Martin Collins, characterizing the scoffer as a dangerous mixture of pride, malice, ignorance, and shallowness with a high degree of combativeness, suggests that scoffers will increase exponentially as we approach the time of Jacob's trouble, the dreadful . . .
We have read the accounts in Scripture on the Day of the Lord, and there is no doubt that it will be a chaotic, horrifying time. God will use the forces at His disposal to bring drastic change to planet Earth. Charles Whitaker explains that two of those fo. . .
The penultimate parable of Matthew 13 uses the illustration with which Christ's disciples were very familiar: fishing in the Sea of Galilee. Martin Collins explains that this parable focuses on the equity of God's judgment.
The dry weather across the American West in 1992 made fire and famine a real possiblity. God often uses drought and fire to show His displeasure.
What is the connection between the prayers that ascend to God and the angel hurling the censer down to earth, initiating the seven trumpets? Further, what sort of prayers would be a pleasing aroma to God at this juncture? ...
The Bible shows Christ, at the end, measuring the church with a plumbline, testing for uprightness and determining standards of justice and righteousness. The seven eyes seem to refer to the messengers of the seven churches having a worldwide influence. Th. . .
Zephaniah 3 foretells of a "pure language," by which people may call on the name of the Lord. Many believe it will be Hebrew, but the Scriptures reveal more.
Martin Collins, reflecting on the correlation between the wave sheaf offering, beginning the count to Pentecost, and the wave-loaf offering on Pentecost, reminds us that Jesus Christ is the First Born from the dead and the Firstfruits. Like Christ, we too . . .
Richard Ritenbaugh, examining Thomas Seeley's analysis of the swarm instinct of bee cultures, and sociologists' attempt to link that wired-in animal instinct to human behavior (opting usually for collective groupthink), suggests that there is a balanced ap. . .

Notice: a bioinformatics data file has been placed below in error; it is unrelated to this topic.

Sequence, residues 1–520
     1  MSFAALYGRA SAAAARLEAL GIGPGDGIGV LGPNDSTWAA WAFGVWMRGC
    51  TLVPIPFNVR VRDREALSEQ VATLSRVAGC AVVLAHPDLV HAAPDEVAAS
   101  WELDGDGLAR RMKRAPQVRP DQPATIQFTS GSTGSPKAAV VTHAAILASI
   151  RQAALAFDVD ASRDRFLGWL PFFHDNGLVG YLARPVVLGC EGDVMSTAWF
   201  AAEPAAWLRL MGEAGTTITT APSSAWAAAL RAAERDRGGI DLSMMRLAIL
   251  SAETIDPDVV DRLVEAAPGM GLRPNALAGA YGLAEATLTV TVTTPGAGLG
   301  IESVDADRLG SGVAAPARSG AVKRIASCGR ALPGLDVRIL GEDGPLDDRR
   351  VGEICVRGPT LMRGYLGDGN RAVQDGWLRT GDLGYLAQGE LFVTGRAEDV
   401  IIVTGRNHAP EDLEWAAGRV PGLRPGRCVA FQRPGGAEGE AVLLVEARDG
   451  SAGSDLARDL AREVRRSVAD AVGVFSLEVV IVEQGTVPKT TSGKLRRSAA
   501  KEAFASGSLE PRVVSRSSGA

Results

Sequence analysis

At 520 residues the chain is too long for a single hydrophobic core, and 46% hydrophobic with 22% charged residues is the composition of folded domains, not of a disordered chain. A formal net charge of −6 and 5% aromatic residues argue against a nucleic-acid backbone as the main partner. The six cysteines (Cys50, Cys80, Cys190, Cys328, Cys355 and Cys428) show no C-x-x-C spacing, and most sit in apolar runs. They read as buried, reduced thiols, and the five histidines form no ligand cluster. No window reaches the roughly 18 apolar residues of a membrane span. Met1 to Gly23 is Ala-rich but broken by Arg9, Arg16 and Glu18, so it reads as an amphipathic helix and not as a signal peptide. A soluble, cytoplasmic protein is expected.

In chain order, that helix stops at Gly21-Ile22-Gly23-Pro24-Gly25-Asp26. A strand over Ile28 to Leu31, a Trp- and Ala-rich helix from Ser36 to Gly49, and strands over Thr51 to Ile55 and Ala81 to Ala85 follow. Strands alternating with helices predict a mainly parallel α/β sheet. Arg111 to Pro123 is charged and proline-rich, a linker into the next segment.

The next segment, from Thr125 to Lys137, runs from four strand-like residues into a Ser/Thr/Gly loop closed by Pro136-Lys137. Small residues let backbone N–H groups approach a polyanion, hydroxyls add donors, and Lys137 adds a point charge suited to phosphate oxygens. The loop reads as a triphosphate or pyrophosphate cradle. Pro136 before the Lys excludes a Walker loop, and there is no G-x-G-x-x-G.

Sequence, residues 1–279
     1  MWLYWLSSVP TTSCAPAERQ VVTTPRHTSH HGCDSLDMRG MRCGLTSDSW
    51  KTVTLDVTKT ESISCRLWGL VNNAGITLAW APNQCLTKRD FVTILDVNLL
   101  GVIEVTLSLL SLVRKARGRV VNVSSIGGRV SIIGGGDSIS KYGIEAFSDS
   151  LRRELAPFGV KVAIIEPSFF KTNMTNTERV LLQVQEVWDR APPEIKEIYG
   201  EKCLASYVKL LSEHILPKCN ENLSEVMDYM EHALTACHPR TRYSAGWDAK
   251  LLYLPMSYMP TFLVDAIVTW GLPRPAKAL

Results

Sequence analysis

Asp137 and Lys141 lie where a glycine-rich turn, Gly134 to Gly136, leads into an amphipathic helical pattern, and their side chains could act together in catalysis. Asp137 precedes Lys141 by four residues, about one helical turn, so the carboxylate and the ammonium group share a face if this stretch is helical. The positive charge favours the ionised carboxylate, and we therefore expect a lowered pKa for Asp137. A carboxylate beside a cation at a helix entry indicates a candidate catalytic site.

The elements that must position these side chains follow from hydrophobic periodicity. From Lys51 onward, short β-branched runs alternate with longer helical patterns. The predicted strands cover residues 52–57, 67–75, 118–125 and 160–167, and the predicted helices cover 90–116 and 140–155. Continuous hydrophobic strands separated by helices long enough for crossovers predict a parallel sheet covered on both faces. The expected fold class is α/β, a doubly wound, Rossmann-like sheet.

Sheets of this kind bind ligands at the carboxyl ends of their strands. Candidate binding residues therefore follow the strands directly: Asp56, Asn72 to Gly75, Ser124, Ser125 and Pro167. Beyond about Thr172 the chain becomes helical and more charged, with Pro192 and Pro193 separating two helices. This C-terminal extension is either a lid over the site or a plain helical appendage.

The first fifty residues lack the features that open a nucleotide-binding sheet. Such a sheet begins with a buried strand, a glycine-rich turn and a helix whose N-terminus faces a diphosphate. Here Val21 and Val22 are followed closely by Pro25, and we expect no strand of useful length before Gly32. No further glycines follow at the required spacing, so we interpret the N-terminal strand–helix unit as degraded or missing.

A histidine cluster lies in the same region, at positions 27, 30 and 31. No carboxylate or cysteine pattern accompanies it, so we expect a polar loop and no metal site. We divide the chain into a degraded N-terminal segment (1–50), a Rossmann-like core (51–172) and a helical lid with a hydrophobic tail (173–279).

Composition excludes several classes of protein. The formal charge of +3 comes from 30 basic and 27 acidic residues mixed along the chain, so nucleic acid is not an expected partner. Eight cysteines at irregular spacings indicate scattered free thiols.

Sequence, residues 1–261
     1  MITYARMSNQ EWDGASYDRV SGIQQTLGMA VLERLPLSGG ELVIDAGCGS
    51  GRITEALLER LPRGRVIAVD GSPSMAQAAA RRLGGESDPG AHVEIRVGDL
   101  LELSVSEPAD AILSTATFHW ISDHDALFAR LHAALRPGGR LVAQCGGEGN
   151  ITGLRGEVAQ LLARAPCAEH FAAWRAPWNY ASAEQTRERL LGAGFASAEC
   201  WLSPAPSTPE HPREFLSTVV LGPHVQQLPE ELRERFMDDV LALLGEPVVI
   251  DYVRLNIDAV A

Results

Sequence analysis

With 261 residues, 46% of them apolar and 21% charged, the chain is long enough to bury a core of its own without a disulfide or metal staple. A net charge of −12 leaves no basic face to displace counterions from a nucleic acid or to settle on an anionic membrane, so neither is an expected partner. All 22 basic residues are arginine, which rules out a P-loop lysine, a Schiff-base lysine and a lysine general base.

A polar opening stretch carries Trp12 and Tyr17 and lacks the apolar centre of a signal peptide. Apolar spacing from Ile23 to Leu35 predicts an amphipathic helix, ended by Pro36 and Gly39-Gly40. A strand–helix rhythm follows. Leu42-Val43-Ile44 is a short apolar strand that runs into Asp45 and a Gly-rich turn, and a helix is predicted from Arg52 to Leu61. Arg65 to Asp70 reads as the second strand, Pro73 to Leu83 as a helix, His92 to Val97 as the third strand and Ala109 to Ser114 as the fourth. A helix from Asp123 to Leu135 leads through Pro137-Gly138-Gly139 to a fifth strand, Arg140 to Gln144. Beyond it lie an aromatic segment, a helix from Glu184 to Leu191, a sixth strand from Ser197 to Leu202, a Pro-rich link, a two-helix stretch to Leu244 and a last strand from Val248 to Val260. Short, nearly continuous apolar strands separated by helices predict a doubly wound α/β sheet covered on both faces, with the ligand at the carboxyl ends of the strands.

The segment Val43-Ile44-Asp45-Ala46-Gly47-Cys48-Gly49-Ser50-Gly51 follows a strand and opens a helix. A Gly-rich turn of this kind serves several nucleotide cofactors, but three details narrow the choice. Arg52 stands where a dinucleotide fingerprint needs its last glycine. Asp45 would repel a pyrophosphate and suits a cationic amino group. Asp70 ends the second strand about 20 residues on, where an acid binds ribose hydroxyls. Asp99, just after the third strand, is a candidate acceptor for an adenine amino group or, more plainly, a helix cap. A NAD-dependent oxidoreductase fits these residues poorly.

We are intrigued by supernatural power, and many seek to display it. Yet the Scriptures show the activity of the Holy Spirit in ways that are commonly missed.
Israel had every opportunity that the Gentiles did not have. God gave the Israelites gifts to live a better way, but they completely failed to reflect Him.
Rather than having an apathetic relationship toward God, we must ardently, earnestly, and fervently seek God in order to imitate His behavior in our lives.
God displays emotions, but they are always under control, unlike mankind. Using God's Spirit, we can grow into emotional (not emotionless) spiritual maturity.
Christ says His words are Spirit and Life; they have a quality above human words because their source is divine. If ingested, these words lead to eternal life.
John Ritenbaugh reiterates that only God, not man, can determine whether something or someone is holy or authentic as opposed to profane and strange. God will accept only what He has set apart or designated as holy or authentic, such as the sacred fire in . . .
John Ritenbaugh, citing Romans 1:20, reiterates that the invisible things of God are clearly seen through the things that are made. The numerous scriptural references to angelic beings (experiences of Abraham, Lot, and Daniel and the references to Michael,. . .
Receive Biblical truth in your inbox—spam-free! This daily newsletter provides a starting point for personal study, and gives valuable insight into the verses that make up the Word of God. See what over 145,000 subscribers are already receiving.